Tuesday, July 24, 2012
In the not so distant future:
Dr Intensivist stared into the room where Miss P. lay on her hospital bed, the only noises were the steady rhythm of the ventilator and the beeps of the EKG. Dr. Hospitalist stood nearby.
“Miss P. doesn’t look too good,” Dr. Intensivist remarked.
“I know,” replied Dr. Hospitalist. “Her blood pressures been trending down and she’s only making miniscule amounts of urine; white counts up to 30 thousand, too”
“What did the CT Scan of her belly show?”
“Nothing much, just the colon was a little dilated, otherwise it was normal.”
“Well, something’s not right. Her bicarb is 15, lactate is 12.”
“Do you think it’s in her belly?”
“The CAT Scan didn’t show anything.”
“Good point. Maybe we should call Dr. Cut?”
“But, the CAT Scan is normal. We don’t need a surgeon”
“I guess we’ll just continue to support her, It’s a shame really, she’s only 65.”
“We’ve followed the protocol to the letter, so we’ll be safe.”
They both stared at Miss P. from the doorway and shook their heads, almost simultaneously.
“We should check the protocol again. Let’s see, Sepsis, abdominal pain, acidosis, high WBC, hypotension, unremarkable CAT Scan. There’s a space here for physical exam. Did you examine her?”
“I did when she came in; she was soft, very minimal tenderness, nothing much.”
“Let’s see, comorbidities. End Stage Renal disease, Insulin Dependent Diabetes, Aortic Stenosis. The Protocol says probable pneumonia with Congestive Heart Failure. Treatment recommendation is dialysis and antibiotics. Well, Dr. Nephron dialysed her yesterday and her blood pressure is only 80; I don’t think she’ll tolerate another dialysis.”
“Protocol says start pressors…she’s already on Levophed and Vasopressin. Protocol says prognosis is hopeless.”
“Well, if she’s not better by tomorrow, we’ll need to do something.”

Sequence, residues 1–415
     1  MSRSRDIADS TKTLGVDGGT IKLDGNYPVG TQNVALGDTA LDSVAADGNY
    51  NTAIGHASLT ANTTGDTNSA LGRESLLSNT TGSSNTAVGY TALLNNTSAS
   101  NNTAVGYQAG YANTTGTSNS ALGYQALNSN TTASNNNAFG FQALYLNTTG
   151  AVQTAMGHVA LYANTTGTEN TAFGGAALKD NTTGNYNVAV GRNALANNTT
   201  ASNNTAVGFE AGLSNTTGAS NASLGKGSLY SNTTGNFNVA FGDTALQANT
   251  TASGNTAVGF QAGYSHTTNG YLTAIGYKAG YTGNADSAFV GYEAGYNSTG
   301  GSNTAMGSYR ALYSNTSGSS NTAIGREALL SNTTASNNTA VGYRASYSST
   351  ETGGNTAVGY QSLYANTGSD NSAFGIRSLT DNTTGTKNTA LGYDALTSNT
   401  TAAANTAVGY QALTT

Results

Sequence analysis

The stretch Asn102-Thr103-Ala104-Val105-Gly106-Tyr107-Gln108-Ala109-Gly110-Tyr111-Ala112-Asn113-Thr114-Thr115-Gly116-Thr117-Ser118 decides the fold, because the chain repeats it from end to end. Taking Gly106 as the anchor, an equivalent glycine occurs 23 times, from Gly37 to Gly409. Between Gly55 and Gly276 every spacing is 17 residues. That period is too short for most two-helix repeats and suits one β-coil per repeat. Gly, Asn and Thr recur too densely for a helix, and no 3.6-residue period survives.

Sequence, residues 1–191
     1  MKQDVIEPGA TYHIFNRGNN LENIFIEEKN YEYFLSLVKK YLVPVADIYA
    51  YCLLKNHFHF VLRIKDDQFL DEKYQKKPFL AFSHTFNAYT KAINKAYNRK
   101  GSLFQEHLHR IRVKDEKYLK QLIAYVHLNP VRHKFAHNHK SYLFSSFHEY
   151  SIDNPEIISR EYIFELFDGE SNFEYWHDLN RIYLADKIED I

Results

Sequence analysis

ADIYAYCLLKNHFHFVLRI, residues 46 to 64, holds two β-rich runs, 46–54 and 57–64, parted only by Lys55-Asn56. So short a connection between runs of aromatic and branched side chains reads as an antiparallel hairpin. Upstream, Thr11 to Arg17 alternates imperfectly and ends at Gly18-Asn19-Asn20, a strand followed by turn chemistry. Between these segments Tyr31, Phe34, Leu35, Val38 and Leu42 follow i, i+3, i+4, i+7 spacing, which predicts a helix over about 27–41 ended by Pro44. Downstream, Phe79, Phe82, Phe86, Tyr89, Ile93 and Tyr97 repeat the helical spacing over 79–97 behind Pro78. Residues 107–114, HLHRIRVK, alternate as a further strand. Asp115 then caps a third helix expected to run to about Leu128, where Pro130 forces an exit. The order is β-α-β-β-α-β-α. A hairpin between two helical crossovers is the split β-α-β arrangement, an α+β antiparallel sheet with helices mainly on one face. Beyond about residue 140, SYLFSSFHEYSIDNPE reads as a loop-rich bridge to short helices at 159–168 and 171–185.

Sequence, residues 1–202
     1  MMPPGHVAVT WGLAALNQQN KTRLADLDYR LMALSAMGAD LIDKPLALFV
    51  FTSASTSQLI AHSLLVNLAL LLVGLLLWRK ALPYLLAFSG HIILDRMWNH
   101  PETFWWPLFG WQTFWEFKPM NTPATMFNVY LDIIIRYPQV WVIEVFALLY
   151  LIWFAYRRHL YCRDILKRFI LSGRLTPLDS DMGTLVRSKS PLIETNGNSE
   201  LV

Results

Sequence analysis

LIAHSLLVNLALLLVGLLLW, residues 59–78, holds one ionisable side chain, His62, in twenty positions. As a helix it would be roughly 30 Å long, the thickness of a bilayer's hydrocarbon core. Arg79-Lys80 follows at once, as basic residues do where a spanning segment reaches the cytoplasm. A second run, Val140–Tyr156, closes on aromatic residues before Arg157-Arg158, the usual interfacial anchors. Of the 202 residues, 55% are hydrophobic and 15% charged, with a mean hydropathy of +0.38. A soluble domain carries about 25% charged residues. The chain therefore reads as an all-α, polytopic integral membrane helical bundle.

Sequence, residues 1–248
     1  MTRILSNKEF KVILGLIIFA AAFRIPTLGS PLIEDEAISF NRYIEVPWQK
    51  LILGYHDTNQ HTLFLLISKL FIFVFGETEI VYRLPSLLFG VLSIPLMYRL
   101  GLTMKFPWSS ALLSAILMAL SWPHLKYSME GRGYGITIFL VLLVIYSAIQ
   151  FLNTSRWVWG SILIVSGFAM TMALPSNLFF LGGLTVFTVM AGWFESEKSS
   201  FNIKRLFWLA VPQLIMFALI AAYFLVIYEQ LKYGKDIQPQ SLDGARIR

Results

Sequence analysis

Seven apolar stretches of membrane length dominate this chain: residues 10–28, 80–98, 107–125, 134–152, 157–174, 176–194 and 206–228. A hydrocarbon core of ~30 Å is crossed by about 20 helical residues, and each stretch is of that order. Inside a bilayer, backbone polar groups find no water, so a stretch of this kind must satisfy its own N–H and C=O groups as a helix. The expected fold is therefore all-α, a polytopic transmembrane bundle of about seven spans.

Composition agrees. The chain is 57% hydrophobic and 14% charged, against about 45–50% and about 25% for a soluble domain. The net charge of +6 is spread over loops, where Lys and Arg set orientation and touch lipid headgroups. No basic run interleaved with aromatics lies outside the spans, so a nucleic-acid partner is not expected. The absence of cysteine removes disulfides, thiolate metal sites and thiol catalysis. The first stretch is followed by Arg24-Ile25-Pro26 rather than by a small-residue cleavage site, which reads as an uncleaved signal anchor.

An impossible scenario, couldn’t happen, one may think. Think again. A similar case played out about a week ago. The only difference was the patient was 88 with fewer comorbities. The patient was admitted to the ICU and seen by the Intensivist, Hospitatist and Nephrologist. She was clearly septic and was on Levophed and Vasopressin, but not improving, On the second hospital day and Infectious Disease Specialist was consulted. He came in the early evening, the patient now in the hospital for twenty four hours. Despite the CT Scan that revealed only a dilated colon his abdominal exam suggested she had peritonitis.
He consulted General Surgery, me, and I saw her almost immediately. As reported, the CT Scan revealed very little. She was intubated and being mechanically ventilated, but she was alert. I asked her if her belly hurt and she nodded in the affirmative. I lightly tapped on her abdomen and she winced in pain.
She was taken to surgery in short order with a preop diagnosis of ischemic or gangrenous bowel and underwent a subtotal colectomy ( and a splenectomy, incidentally, nobody’s perfect) for gangrenous colon. She is now recovering, slowly. Looking back through the chart, the only physician that noted an abnormal abdominal exam was the ID consultant. It is possible that she did not manifest the obvious signs of peritonitis earlier in her hospital course.
I do know that as more and more “protocols” are developed, which is a major goal of the Affordable Care Act (Obamacare), this scenario will be played out on a regular basis as standardization of care leads to consistent levels of mediocrity. Is that to be the future of Medicine?